(director/writer: Emmanuel Osei-Kuffour; screenwriter: teleplay by Stephen Herman; cinematographer: Hilda Mercado; editor: Glenn Garland; music: Brandon Roberts; cast:  Mamoudou Athie (Nolan), Phylicia Rashad (Dr Lillian Brooks), Amanda Christine (Ava), Najah Bradley (Rachel), Tosin Morohunfola (Gary), Charmaine Bingwa (Miranda), Donald Watkins (Thomas), Troy James (Backwards Man), Nyah Marie Johnson (Ashley), Han Soto (Dr Reed); Runtime: 100; MPAA Rating: NR; producer: John Brister; Amazon Prime; 2020)

It’s an amnesia film that forgot to tell us how it ends.

Reviewed by Dennis Schwartz

Black Box is one of four TV movies released by Blumhouse producer Jeff Blum on Amazon Prime under the label ‘Welcome to Blumhouse’.  Director-writer Emmanuel Osei-Kuffour, in his feature film after directing shorts, presents this interesting but uneven sci-fi drama–a film that runs out of imagination after a solid beginning. It’s based on the story and teleplay by Stephen Herman. The director’s family has roots in Ghana, but he was born in America and he graduated from the NYU film school. It should be noted that most of the cast is Black-American.

Nolan (Mamoudou Athie) is a road accident victim in which his reporter wife (Najah Bradley), who works for the same paper the photographer does, was killed and his memory has been compromised. Months later he is still receiving medical treatment for his memory loss that isn’t working. Because of his memory problems, the authorities are threatening to take away his adolescent daughter Ava (Amanda Christine), as he neglects to take her to school on time. His doctor friend (Tosin Morohunfola) recommends he get radical treatment for his memory loss from a controversial neurologist. Nolan thereby becomes a patient of Dr Lillian Brooks (Phylicia Rashad). The doctor places him inside Black Box, a Virtual Reality simulator. But, the duplicitous doctor is really using Black Box to try and bring her late son Donald back to life. To do this the doctor has brought back to life her dead son’s personality inside Nolan’s body. The narrative, in its twist, turns from a horror pic to one about identity, as it tells about the son trying to reconnect with his wife Miranda (Charmaine Bingwa) and her daughter (Nyah Marie Johnson) while in another man’s body. After Miranda conksNolan on the head, he’s back with the doctor and we’re unsure of what finally happened in that strange relationship.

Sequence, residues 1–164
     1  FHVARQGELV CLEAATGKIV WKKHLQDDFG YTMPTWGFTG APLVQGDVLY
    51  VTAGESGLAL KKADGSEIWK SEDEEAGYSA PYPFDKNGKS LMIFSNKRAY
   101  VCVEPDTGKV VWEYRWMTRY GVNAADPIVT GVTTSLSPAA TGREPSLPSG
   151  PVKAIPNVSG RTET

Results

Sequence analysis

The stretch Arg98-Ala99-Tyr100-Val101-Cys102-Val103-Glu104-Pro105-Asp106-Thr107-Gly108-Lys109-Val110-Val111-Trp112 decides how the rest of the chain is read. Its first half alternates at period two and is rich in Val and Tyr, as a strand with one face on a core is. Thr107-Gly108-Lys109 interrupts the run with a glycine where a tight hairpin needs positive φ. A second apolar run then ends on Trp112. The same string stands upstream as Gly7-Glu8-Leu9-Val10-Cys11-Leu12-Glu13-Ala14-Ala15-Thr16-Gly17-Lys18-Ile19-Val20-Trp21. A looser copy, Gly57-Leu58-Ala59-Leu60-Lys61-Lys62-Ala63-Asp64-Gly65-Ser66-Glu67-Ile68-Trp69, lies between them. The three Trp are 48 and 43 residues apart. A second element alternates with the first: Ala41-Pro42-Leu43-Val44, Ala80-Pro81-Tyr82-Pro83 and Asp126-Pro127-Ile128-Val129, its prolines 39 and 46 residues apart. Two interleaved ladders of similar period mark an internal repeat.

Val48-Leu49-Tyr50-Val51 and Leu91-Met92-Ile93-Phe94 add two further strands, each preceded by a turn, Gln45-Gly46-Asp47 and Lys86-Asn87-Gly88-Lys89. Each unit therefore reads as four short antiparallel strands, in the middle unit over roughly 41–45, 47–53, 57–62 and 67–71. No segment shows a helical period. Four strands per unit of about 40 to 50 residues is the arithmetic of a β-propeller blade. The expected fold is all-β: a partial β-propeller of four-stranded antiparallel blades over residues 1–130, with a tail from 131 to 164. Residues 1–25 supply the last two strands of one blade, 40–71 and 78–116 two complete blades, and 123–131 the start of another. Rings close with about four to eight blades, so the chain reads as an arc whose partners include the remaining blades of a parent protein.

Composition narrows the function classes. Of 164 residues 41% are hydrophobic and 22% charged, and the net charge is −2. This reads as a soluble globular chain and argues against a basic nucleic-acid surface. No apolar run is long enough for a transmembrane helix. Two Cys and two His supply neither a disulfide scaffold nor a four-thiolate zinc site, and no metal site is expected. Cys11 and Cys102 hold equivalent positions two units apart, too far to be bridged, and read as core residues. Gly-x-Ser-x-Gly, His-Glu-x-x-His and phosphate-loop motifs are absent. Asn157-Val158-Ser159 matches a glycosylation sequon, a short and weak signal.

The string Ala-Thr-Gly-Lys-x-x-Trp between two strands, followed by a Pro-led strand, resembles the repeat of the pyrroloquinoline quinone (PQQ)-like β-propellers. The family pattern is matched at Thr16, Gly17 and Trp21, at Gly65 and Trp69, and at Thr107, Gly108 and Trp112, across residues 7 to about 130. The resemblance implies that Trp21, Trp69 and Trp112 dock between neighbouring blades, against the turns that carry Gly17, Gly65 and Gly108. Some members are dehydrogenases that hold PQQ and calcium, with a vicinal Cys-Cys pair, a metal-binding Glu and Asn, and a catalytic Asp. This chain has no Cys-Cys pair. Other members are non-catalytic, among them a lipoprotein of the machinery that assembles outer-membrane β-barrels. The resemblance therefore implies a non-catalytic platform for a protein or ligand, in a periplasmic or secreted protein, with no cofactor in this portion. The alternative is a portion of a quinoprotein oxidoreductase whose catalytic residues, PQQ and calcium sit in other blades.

The film’s main problem is that the Black Box tale leads to an inconclusive, contrived, sentimental and unearned happy ending, as the viewer is denied a clear resolution of the situation when the experiment’s subject is hit over the head and the session ends with him again facing Dr. Brooks.

 It’s an amnesia film that forgot to tell us how it ends. It pales greatly when compared to Christopher Nolan’s superb amnesia film Memento (2000).

rashad and athie

REVIEWED ON 11/1/2020  GRADE: C+